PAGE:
In the end, Turkey’s President Tayyip Erdogan made a passing reference to the reopening of the fenced area of Varosha in a speech he gave in the occupied north on Tuesday, during the invasion celebrations, but it fell short of what had been predicted. In fact, it was left to Turkish Cypriot leader Ersin Tatar to announce the plan for the opening of a small part of the fenced area (3.5 per cent), a decision he attributed to the ‘administration’ rather than to Ankara. The Turkish government, it appears, only takes decisions on the construction of new ‘state’ buildings.
Ankara is treading rather cautiously on Varosha, for the time being, allowing Tatar to take alleged ownership of the opening up, because Erdogan recognises any big moves of the type that had been touted a year ago would provoke a reaction from the international community. He does not want to jeopardise promised financial aid from the EU, which has taken a very clear stand against the opening of Varosha, and could also have come under some pressure from the United States. This may explain why he skirted the issue, restricting himself to putting a positive spin on it, saying everyone would benefit.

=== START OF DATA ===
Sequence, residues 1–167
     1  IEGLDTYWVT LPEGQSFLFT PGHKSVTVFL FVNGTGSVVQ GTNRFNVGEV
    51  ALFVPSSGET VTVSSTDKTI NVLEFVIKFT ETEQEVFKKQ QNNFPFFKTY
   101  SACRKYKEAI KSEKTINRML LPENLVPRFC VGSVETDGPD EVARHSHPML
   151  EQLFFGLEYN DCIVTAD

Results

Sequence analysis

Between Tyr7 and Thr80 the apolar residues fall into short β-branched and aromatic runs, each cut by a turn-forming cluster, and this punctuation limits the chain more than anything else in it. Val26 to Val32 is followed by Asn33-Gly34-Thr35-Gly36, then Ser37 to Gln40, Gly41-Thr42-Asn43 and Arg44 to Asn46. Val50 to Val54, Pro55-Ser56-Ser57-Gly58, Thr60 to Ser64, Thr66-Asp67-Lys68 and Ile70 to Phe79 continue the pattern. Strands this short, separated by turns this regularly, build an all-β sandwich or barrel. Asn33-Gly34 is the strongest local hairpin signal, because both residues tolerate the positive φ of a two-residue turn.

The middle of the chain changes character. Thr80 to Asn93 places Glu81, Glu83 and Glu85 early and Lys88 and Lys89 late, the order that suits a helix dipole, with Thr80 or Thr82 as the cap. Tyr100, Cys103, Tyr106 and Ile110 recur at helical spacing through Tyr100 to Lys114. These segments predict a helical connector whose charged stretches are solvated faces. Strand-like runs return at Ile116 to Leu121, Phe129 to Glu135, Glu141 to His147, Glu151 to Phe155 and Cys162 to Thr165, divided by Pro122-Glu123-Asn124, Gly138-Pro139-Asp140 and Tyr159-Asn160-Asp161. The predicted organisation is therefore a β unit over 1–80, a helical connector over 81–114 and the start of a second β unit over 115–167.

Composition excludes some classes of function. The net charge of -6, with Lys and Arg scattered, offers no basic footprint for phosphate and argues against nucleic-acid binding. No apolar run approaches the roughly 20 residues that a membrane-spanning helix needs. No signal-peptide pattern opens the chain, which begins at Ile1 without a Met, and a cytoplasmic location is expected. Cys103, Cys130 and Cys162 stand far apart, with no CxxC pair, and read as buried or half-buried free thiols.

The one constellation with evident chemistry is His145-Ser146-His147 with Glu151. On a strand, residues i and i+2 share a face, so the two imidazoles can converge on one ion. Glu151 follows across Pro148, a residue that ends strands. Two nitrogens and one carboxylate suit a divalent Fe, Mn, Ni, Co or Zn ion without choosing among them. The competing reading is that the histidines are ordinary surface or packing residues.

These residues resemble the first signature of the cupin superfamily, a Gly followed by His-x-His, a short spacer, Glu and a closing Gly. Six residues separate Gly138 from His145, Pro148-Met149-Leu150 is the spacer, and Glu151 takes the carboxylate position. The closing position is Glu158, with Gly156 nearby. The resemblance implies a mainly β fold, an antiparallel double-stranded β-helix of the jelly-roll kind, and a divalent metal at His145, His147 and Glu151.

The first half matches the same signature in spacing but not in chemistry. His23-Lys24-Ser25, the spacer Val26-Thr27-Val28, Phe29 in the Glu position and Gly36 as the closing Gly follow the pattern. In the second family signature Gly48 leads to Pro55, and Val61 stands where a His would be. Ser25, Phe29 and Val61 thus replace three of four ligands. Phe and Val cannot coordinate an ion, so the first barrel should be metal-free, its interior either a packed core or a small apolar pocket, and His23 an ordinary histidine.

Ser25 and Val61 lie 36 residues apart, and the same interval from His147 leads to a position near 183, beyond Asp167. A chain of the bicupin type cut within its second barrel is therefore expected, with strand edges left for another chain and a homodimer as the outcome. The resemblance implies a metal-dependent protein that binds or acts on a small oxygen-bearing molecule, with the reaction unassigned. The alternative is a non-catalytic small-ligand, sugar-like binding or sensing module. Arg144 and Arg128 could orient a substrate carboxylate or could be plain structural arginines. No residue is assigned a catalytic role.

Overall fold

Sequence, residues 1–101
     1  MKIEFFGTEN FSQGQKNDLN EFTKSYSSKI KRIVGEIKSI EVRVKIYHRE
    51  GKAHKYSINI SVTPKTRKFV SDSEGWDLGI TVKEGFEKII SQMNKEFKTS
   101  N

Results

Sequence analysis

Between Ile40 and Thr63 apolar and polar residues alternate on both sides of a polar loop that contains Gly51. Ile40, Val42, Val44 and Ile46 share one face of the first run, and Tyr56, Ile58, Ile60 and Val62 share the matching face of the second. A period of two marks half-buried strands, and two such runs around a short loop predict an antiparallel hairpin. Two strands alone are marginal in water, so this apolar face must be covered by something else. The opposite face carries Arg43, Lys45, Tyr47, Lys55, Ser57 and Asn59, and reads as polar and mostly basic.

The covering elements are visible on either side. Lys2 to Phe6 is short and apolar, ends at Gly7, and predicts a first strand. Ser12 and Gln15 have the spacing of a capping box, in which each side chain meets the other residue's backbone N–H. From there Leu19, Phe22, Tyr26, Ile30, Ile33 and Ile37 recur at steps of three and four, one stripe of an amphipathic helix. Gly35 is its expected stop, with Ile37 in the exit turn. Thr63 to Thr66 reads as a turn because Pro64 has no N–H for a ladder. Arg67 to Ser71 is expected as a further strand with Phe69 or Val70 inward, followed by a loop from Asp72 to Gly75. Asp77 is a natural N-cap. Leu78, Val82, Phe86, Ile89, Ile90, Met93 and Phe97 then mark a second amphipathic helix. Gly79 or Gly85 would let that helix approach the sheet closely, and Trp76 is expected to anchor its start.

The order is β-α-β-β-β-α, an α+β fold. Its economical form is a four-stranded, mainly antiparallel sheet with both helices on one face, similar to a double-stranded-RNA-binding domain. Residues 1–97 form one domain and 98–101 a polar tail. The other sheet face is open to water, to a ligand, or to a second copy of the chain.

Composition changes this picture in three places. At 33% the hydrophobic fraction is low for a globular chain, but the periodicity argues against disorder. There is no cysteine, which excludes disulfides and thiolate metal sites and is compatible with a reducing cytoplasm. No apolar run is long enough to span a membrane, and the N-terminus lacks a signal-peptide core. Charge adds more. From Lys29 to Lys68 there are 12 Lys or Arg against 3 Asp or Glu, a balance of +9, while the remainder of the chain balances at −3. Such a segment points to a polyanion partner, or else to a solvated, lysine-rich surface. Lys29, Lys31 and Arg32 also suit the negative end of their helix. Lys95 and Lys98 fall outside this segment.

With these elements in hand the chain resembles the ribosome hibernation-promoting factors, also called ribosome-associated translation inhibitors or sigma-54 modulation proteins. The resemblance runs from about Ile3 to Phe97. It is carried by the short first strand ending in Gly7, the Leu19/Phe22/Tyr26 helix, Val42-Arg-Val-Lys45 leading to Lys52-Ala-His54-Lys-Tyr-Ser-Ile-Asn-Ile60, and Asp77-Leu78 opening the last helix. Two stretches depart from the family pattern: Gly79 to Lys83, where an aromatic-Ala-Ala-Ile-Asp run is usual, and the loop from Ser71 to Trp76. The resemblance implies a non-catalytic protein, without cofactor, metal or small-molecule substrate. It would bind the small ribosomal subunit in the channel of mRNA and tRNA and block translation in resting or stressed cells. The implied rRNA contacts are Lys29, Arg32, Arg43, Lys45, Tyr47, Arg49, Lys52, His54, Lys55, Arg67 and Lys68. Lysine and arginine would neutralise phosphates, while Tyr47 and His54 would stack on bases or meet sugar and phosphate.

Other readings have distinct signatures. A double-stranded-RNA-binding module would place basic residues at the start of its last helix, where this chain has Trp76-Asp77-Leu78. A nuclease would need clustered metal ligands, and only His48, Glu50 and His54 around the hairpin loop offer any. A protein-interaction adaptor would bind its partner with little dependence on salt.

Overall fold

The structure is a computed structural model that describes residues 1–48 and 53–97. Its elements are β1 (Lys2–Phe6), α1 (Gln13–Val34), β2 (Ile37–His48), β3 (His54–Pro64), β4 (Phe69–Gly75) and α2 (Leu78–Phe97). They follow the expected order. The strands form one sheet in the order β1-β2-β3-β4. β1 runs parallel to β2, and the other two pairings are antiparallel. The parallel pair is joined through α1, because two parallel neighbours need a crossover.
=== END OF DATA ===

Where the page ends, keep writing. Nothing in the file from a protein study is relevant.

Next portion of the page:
“A process will now begin to everyone’s benefit and with respect to ownership rights,” Erdogan said on Tuesday, adding that “instead of a symbol of non-solution, Varosha will become a symbol of future prosperity.” Tatar had said that Greek Cypriots who applied to the immovable property commission would be eligible to return. Whether the Turkish side could claim it was complying with the UN resolutions by doing so is another matter.
The move will create a big problem for the Cyprus government. Would it urge Greek Cypriots with properties in the area that will be demilitarised not to apply to return, as this would give a semblance of legitimacy to the Turkish move and facilitate the opening of other areas in the near future? It could do that, appealing to the property-owners’ patriotism, but why should they listen considering, realistically speaking, this would be their only chance of returning to the properties they left 47 years ago? Why would Famagustans wait for a settlement that will never arrive when they can return now, under Turkish Cypriot administration?
For now, the government is dealing with the illegality of the Turkish move. The foreign minister on Tuesday briefed the ambassadors of the permanent members of the Security Council and then the ambassadors of all EU states, while the national council is meeting on Wednesday to discuss how the government should react. It is not as if it has many options, other than to appeal to the toothless UN for another resolution and seek support from the EU. Whether it has the power to block the opening of Varosha is the big ask.